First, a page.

Well, that was the embarrassing part. The fun part came anytime I was out and saw him on the route. He knew my car. I knew he knew my car because he went from startled to tense when our paths crossed. To this day, I bet that man thinks I had the hots for his legs. It still makes me laugh.

Joshua’s First Experience With Subtraction

When our three sons were growing up we homeschooled them. I don’t think I’ll ever forget the day that our middle son, who was six years old at the time, opened his math workbook and saw subtraction problems. He said, “What is this?” I said something like, “Oh, Joshua, I need to explain. That’s subtraction. It’s a bit different from what you’ve been doing. Instead of making more, you take some away.”

And before I could say anything else or show him how it works, he spoke up and said something like, “What? I don’t understand. What do these people want? Who wrote this? I don’t know what these people were thinking. What do they expect? I’m going to bed!” And he did.

I followed and talked with him for a bit and saw that he really needed to calm down about it before we tried again.

A couple of days later I got out the felt board and the felt fish and felt seashells that we used to illustrate math lessons. I called Joshua and his little brother to come see something. Without using the word “subtraction” or saying anything at all about the day Joshua went to bed, I  proceeded to illustrate subtraction. I showed them a group of five fish. While showing three fish swimming away from the others, I asked them, “If five fish are swimming along together and three swim away, how many are left?”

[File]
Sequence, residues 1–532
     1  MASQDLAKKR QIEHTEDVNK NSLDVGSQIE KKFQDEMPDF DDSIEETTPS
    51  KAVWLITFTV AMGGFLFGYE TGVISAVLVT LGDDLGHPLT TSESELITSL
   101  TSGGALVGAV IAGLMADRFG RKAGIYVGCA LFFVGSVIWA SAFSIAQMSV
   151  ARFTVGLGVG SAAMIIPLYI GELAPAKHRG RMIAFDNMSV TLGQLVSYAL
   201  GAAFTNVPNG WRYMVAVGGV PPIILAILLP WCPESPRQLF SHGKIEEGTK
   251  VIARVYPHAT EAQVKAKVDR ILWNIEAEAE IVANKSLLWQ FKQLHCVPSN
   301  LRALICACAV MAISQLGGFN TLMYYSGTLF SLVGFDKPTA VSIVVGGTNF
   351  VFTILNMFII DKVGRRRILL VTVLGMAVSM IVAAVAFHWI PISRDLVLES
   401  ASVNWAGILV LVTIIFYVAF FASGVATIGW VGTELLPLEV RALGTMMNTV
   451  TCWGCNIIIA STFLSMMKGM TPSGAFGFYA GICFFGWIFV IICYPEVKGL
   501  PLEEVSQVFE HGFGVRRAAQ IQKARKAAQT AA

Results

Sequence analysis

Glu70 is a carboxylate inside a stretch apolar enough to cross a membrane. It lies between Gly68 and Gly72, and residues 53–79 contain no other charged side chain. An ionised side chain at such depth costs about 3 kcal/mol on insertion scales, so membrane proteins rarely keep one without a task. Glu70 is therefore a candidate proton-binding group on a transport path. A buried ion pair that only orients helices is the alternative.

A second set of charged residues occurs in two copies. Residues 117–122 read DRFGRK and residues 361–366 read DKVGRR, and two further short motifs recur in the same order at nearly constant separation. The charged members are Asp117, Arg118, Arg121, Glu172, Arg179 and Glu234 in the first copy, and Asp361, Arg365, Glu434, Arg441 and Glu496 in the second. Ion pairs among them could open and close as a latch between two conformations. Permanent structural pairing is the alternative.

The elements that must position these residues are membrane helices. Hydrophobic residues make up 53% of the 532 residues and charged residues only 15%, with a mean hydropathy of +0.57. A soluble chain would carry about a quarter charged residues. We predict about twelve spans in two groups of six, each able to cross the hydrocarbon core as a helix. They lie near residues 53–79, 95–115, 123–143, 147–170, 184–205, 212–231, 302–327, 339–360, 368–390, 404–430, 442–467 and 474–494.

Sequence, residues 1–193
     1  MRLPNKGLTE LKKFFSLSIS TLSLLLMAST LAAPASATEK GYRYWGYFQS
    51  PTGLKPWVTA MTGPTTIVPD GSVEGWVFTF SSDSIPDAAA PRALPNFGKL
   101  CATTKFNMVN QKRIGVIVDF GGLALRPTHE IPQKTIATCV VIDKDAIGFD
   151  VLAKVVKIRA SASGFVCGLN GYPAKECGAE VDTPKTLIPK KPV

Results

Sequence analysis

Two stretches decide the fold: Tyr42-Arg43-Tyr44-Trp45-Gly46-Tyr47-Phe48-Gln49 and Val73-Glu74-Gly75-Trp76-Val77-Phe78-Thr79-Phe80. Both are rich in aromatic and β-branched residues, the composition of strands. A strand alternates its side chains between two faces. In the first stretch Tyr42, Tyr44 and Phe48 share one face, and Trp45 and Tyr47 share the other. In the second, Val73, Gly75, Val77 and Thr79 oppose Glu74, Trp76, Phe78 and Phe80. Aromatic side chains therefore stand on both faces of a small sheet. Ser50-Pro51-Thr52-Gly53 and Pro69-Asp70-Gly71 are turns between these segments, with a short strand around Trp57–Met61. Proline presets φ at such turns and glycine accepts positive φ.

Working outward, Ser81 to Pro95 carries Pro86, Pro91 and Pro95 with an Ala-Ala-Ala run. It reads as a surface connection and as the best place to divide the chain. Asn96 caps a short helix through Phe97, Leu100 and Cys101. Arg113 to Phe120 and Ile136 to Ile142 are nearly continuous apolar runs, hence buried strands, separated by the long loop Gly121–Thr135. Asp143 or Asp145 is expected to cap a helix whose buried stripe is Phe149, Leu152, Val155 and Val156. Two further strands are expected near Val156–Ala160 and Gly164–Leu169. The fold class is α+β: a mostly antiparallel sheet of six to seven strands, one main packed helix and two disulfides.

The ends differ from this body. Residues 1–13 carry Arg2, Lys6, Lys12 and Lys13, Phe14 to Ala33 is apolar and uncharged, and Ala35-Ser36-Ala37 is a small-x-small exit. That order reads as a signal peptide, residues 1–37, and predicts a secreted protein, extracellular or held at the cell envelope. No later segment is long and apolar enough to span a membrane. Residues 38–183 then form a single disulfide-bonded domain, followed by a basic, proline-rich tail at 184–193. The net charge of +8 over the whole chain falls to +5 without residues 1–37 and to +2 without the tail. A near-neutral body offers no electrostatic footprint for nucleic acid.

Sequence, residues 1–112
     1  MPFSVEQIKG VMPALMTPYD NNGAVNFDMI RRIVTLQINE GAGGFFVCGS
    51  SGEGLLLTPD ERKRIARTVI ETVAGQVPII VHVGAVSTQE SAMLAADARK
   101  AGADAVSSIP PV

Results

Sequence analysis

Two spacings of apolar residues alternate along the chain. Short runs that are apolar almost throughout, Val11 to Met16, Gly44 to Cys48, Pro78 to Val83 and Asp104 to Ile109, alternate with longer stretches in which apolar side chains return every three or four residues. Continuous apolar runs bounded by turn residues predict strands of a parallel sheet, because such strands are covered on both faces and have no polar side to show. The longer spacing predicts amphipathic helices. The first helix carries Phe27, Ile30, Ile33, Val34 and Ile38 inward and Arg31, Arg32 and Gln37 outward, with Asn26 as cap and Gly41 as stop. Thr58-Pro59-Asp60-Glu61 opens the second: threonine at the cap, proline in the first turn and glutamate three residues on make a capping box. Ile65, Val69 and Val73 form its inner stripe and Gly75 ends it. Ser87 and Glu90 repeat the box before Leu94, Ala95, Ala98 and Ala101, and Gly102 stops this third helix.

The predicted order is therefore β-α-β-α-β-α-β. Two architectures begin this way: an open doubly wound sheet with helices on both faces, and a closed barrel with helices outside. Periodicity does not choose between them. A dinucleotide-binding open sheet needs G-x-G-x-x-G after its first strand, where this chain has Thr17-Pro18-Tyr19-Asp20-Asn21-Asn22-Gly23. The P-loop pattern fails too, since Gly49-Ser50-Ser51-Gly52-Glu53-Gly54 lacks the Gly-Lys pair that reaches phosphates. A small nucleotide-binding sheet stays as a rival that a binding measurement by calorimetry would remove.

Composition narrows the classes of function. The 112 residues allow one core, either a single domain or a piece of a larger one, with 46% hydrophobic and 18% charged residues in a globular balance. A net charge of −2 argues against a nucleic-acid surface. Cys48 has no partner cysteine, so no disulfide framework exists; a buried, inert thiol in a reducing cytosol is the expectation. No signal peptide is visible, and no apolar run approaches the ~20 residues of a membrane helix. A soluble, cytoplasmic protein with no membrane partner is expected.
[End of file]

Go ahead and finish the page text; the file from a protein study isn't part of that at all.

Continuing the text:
Joshua jumped up and said, “Where’s my math book! I want to do my math!” I was having fun with the felt, but he was already up and running to get his book.

I guess some of us just don’t always react with calmness to big changes that seem to be suddenly thrust upon us. Especially when we are young.

The Artist Is A Superhero?: a fish story

Hubby wanted to show me a place where he and one of our sons went fishing last month, so we went to this place today. It’s a wildlife refuge down by the beach. Nice! It’s quiet. We were sitting on a little fishing pier eating our lunch and I was thinking about how all I could hear were birds, the wind blowing through the grasses and the waves of the lake lapping against the rocks at the shore. No ghetto sounds, no traffic sounds. Nice. Quiet. Relaxing.